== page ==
desvenlafaxine (Oral route)Pronunciation
Antidepressants increased the risk of suicidal thinking and behavior in children, adolescents, and young adults with major depressive disorder (MDD) and other psychiatric disorders in short-term studies. Short term studies did not show an increase in the risk of suicidality with antidepressants compared to placebo in adults beyond age 24, and there was a reduction in risk with antidepressants compared to placebo in adults aged 65 and older. This risk must be balanced with the clinical need. Monitor patients closely for clinical worsening, suicidality, or unusual changes in behavior. Families and caregivers should be advised of the need for close observation and communication with the prescriber. Not approved for use in pediatric patients .
Commonly used brand name(s)
In the U.S.
Available Dosage Forms:
- Tablet, Extended Release
Therapeutic Class: Antidepressant
Pharmacologic Class: Serotonin/Norepinephrine Reuptake Inhibitor
Uses For desvenlafaxine
Desvenlafaxine is used to treat depression.
Desvenlafaxine belongs to a group of medicines known as selective serotonin and norepinephrine reuptake inhibitors (SSNRIs). These medicines are thought to work by increasing the activity of chemicals called serotonin and norepinephrine in the brain.
desvenlafaxine is available only with your doctor's prescription.
Before Using desvenlafaxine
In deciding to use a medicine, the risks of taking the medicine must be weighed against the good it will do. This is a decision you and your doctor will make. For desvenlafaxine, the following should be considered:
Tell your doctor if you have ever had any unusual or allergic reaction to desvenlafaxine or any other medicines. Also tell your health care professional if you have any other types of allergies, such as to foods, dyes, preservatives, or animals. For non-prescription products, read the label or package ingredients carefully.
Appropriate studies have not been performed on the relationship of age to the effects of desvenlafaxine in the pediatric population. Safety and efficacy have not been established.
Appropriate studies performed to date have not demonstrated geriatric-specific problems that would limit the usefulness of desvenlafaxine in the elderly. However, elderly patients are more likely to have age-related kidney, liver, or heart problems, which may require an adjustment in the dose or extra caution in these patients.
|All Trimesters||C||Animal studies have shown an adverse effect and there are no adequate studies in pregnant women OR no animal studies have been conducted and there are no adequate studies in pregnant women.|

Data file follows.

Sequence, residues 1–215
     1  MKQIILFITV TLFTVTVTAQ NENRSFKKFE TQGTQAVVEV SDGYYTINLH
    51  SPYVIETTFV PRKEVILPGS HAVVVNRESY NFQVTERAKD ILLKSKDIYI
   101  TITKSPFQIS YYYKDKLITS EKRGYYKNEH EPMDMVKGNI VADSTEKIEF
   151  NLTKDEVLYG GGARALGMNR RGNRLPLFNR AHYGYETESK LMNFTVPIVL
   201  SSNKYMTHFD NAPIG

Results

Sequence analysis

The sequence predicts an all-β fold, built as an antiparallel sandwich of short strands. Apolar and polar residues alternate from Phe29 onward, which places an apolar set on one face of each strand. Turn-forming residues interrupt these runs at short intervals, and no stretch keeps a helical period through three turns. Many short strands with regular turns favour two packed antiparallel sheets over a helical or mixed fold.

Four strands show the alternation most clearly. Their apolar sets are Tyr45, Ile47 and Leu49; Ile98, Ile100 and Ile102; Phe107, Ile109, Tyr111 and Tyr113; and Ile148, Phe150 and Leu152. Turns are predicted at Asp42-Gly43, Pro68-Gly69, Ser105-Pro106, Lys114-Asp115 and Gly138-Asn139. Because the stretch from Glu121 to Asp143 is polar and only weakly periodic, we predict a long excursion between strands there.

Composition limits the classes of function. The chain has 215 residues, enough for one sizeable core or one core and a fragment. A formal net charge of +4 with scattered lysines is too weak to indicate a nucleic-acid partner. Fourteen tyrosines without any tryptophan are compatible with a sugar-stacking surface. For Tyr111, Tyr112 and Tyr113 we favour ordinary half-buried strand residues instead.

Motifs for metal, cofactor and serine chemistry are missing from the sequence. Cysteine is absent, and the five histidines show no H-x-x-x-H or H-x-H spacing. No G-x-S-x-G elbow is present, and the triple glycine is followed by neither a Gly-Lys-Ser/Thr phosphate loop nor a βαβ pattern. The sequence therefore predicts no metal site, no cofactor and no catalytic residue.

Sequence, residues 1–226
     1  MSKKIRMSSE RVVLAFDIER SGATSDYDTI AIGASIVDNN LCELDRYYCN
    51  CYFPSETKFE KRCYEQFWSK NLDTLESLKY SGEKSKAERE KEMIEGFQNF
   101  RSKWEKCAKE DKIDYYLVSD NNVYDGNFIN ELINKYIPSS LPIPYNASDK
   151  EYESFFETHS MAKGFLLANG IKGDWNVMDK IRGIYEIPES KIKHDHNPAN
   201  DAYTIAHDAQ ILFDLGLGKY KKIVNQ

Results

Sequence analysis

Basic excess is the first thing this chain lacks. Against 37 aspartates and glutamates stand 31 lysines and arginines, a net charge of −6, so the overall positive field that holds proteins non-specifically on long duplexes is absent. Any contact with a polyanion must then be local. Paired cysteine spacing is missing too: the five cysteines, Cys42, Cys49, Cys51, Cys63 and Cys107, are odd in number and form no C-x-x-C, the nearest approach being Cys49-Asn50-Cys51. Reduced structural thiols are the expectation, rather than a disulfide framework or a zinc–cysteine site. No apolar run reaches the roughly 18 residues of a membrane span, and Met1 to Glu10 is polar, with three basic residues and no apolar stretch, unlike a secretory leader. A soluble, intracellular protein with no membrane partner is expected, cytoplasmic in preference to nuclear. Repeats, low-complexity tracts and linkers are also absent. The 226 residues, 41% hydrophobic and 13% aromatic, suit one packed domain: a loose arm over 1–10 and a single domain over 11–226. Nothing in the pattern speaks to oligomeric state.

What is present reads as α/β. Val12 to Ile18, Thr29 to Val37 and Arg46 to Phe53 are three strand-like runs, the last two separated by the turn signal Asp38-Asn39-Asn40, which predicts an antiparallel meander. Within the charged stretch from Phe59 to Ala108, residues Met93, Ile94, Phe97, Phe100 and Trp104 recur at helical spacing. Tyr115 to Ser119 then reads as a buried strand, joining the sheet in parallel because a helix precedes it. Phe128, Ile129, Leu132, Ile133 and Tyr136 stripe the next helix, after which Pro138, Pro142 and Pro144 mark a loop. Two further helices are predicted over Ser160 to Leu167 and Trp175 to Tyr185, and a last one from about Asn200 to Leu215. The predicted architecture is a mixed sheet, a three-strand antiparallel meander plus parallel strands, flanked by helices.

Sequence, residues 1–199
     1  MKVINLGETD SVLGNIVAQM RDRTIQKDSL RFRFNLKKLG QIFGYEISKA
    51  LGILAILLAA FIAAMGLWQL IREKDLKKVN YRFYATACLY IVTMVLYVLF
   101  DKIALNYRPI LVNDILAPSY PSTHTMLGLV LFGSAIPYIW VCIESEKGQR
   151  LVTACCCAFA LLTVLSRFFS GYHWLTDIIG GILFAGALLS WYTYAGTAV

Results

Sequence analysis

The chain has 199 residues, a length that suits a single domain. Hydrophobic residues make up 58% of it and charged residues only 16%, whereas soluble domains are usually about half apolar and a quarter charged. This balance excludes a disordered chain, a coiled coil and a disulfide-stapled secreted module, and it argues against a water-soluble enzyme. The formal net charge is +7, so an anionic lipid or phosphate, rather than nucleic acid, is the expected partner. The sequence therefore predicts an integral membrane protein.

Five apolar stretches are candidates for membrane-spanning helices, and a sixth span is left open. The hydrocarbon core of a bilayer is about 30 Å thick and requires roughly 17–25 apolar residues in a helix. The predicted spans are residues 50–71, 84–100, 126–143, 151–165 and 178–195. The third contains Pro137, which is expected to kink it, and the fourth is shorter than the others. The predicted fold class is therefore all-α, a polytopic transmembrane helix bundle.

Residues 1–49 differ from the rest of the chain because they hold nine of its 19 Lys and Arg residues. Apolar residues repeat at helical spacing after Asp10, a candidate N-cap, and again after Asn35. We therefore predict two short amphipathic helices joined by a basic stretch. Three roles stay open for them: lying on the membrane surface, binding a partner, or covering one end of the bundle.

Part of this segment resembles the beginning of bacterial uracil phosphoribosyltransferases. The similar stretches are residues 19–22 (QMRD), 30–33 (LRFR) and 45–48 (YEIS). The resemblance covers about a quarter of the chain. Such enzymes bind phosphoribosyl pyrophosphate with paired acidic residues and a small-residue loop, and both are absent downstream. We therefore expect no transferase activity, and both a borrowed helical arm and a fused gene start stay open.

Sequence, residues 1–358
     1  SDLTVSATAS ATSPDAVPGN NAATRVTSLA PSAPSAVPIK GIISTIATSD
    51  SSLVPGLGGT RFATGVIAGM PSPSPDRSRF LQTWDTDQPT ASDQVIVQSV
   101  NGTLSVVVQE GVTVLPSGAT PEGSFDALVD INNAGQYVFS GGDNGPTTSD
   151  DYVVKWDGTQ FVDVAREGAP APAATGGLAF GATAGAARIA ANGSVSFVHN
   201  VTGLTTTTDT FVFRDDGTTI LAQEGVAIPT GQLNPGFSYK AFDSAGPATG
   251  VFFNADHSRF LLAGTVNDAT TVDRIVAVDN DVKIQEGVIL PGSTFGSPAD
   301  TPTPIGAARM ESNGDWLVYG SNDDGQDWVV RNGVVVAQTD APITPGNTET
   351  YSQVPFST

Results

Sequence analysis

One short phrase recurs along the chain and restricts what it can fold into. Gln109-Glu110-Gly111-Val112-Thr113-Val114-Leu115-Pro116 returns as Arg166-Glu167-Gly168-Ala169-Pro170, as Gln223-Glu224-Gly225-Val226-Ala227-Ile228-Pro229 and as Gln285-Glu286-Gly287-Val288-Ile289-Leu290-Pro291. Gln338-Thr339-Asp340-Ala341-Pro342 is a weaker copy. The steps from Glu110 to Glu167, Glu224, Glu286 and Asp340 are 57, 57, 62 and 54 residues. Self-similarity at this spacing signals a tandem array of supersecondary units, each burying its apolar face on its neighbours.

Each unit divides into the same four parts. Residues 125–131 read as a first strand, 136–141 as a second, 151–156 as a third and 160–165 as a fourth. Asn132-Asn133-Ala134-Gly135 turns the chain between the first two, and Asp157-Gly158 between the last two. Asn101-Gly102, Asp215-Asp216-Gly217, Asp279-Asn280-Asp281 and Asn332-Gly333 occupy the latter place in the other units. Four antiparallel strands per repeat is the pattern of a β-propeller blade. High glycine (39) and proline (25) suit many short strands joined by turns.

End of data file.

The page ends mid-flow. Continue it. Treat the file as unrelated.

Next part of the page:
There are no adequate studies in women for determining infant risk when using this medication during breastfeeding. Weigh the potential benefits against the potential risks before taking this medication while breastfeeding.
Interactions with Medicines
Although certain medicines should not be used together at all, in other cases two different medicines may be used together even if an interaction might occur. In these cases, your doctor may want to change the dose, or other precautions may be necessary. When you are taking desvenlafaxine, it is especially important that your healthcare professional know if you are taking any of the medicines listed below. The following interactions have been selected on the basis of their potential significance and are not necessarily all-inclusive.
Using desvenlafaxine with any of the following medicines is not recommended. Your doctor may decide not to treat you with this medication or change some of the other medicines you take.
- Methylene Blue
Using desvenlafaxine with any of the following medicines is usually not recommended, but may be required in some cases. If both medicines are prescribed together, your doctor may change the dose or how often you use one or both of the medicines.
- Antithrombin III Human
- Dermatan Sulfate
- Pentosan Polysulfate Sodium
Using desvenlafaxine with any of the following medicines may cause an increased risk of certain side effects, but using both drugs may be the best treatment for you. If both medicines are prescribed together, your doctor may change the dose or how often you use one or both of the medicines.
- Flufenamic Acid
- Mefenamic Acid
- Niflumic Acid
- Tiaprofenic Acid
Interactions with Food/Tobacco/Alcohol
Certain medicines should not be used at or around the time of eating food or eating certain types of food since interactions may occur. Using alcohol or tobacco with certain medicines may also cause interactions to occur. The following interactions have been selected on the basis of their potential significance and are not necessarily all-inclusive.